Turf wars. Power. Control. Even when everyone’s goal is the cultural enrichment experiences of children, these primal drives can rear their ugly heads.
Our school district is keen on music. Not only is the administration committed to top-notch music education programs, but the parent community gives generously of both manpower and financial support, and the community-at-large is monetarily supportive. Up until this school year, there has been a parent organization of instrumental boosters who dedicate significant time and money (through donations and fundraising efforts) to support the band and orchestra programs throughout the district. One big, happy, musical family – think “Partridge.”
But this year the orchestra has split from the instrumental boosters and started its own association. There is much snipping and moaning and complaining from a lot of families. Since our family has two kids in the band program and one in orchestra, I’ve been bouncing back and forth from various levels of “somewhat irked” to “significantly ticked off.” The two organizations are ostensibly still working together for a few of the major fundraisers, but there is bickering over the details of distribution. Families now have to decide whether they’re representing the band or the orchestra when they volunteer to take on a shift. What used to be one donation check to a big general pot (with occasional extra contributions to specific projects) now has to be divided, but it’s not exactly clear how to divide it.
I am well aware of how lucky I am to live in a community that is so supportive of arts education. And I am equally aware of how the current “problem” is insignificant in the grand scheme of things (or even in a much smaller scheme of things, for that matter). But this small-scale secession mirrors those on larger scales. It speaks to issues of money, power, control, self-interest, and perceived fairness. Such issues arise in families, schools, workplaces, government – pretty much anywhere you have more than one person and a finite supply of anything. They certainly come to play within the details of how the medical world functions. Who’s making medical decisions? Is it the primary care doctor? The specialist? The patient? The patient’s family? The insurance company? Who has how much say in each decision? How much does each provider of the care get compensated? Who pays for what and how much do they pay?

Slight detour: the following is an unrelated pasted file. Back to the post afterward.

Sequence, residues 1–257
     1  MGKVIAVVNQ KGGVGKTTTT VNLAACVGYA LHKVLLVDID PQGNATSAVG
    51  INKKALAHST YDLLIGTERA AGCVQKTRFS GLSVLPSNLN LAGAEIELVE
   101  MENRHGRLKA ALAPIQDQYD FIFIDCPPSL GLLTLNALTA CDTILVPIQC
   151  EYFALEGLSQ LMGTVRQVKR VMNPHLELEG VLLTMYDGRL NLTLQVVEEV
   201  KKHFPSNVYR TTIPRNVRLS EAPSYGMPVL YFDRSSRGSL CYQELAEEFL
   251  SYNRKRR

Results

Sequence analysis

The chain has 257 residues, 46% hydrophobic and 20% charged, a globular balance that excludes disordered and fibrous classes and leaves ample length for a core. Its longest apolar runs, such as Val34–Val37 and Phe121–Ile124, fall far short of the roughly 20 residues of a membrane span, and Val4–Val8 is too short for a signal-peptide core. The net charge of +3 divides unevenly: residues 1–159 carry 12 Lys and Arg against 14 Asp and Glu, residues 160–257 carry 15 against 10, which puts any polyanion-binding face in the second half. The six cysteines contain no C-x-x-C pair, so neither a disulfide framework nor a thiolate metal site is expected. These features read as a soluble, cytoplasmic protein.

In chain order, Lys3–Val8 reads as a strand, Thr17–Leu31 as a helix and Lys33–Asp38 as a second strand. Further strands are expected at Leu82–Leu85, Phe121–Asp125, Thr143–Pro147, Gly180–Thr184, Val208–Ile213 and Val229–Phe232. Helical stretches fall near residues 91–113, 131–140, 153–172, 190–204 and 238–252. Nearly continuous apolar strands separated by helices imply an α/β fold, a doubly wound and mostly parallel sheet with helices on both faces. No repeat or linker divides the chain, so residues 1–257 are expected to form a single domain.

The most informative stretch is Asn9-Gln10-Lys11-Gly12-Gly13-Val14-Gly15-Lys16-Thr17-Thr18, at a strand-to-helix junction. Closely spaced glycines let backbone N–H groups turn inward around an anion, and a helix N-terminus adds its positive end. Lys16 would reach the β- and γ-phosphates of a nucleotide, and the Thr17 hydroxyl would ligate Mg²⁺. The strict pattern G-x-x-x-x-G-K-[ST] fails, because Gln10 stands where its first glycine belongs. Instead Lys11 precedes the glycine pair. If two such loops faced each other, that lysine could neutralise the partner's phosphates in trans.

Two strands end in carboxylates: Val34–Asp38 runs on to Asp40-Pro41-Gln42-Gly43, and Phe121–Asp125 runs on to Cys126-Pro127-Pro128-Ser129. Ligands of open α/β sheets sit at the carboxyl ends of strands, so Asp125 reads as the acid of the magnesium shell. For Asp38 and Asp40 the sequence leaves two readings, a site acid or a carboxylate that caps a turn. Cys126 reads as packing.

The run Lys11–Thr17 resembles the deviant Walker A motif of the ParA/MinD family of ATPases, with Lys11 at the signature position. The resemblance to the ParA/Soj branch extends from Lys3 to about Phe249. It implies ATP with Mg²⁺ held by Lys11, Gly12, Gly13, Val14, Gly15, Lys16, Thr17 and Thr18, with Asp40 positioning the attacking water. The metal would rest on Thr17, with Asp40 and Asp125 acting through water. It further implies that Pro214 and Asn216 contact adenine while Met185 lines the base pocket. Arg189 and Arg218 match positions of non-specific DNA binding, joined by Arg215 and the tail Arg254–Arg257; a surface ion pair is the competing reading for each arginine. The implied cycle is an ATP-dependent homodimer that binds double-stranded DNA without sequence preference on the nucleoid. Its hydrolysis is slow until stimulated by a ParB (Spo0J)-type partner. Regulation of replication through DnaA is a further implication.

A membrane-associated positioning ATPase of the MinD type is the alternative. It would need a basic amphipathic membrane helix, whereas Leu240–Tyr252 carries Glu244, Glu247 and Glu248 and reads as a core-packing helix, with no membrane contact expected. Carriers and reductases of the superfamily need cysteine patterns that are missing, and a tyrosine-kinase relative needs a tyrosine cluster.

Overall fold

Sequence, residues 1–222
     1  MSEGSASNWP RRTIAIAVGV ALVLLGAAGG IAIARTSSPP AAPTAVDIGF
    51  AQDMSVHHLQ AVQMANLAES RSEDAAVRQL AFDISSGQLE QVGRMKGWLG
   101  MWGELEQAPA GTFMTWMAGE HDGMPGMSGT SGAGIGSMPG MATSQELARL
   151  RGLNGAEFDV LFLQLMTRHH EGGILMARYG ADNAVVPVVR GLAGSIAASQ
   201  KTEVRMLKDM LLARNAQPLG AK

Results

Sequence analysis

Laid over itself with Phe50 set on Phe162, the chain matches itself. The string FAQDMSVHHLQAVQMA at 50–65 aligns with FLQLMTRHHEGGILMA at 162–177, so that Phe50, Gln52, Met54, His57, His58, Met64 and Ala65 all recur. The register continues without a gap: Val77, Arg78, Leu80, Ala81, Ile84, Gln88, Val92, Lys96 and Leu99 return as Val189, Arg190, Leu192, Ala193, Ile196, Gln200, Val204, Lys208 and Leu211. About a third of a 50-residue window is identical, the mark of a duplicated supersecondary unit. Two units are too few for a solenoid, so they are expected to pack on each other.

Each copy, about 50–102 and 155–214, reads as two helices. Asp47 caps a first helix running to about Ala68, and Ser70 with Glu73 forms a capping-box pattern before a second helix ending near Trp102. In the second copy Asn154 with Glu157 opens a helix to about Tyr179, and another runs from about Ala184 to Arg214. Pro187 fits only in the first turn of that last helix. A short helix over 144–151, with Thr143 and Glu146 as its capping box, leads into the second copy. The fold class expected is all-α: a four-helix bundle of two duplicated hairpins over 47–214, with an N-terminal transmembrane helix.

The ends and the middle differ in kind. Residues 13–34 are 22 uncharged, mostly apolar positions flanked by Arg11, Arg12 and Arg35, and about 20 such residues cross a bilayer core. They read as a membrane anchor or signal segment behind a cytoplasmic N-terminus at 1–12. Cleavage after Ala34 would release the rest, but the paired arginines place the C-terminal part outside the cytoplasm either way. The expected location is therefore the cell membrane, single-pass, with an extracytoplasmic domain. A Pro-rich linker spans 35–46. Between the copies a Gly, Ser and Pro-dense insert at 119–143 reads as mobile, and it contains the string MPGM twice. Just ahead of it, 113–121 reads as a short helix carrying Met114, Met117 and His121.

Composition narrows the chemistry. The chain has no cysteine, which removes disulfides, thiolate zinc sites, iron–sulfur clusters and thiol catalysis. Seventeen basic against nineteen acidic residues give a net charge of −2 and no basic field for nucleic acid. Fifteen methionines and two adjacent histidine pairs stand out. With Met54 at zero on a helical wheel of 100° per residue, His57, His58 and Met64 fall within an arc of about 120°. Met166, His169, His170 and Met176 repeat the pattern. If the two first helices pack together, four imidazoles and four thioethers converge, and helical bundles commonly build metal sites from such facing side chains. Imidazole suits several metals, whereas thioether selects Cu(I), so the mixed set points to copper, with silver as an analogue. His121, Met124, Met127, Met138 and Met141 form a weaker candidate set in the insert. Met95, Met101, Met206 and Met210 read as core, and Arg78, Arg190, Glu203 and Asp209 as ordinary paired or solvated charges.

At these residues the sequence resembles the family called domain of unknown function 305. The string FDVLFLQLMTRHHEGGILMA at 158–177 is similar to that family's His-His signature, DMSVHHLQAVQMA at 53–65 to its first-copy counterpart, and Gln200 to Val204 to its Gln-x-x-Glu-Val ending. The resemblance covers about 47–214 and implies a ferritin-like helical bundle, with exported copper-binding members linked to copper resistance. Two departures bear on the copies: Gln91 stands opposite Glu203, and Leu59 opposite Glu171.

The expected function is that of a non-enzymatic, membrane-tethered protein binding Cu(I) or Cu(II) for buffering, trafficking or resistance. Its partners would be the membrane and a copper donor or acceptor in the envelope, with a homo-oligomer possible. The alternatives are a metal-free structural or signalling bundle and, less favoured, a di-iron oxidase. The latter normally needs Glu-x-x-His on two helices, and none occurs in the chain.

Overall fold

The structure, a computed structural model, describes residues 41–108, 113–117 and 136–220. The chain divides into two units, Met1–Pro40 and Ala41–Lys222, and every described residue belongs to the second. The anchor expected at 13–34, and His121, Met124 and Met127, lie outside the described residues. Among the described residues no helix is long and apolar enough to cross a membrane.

In our community, the friction (which, by the way, originated and is contained among a very small contingent) is an inconvenience. The overall music programs will retain their excellence, and although fundraising and allocations are at this point dividing, the music community as a whole is strong, and the kids and families are all friends, looking out for and supporting one another. We value our community. I would love for our elected government officials to reflect this overall good will towards their fellow humans as they work to resolve our federal budget conflicts.
Yes, we each need to be our own advocates. But “our own” includes more than just our selves. It includes our families. Our friends. Our block. Our neighborhood. Our school. Our school district. Our county. Our state. Our country. Our world.